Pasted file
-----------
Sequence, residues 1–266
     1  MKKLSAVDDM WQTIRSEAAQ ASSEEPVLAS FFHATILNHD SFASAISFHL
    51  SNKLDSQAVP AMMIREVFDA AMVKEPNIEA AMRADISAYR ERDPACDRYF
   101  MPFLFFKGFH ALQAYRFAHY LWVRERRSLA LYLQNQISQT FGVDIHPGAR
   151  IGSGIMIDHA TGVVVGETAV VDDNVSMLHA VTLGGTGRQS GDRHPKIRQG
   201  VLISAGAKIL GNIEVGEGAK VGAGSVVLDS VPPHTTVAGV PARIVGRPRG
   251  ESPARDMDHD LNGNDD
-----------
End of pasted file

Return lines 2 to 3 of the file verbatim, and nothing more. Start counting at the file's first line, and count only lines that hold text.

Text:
     1  MKKLSAVDDM WQTIRSEAAQ ASSEEPVLAS FFHATILNHD SFASAISFHL
    51  SNKLDSQAVP AMMIREVFDA AMVKEPNIEA AMRADISAYR ERDPACDRYF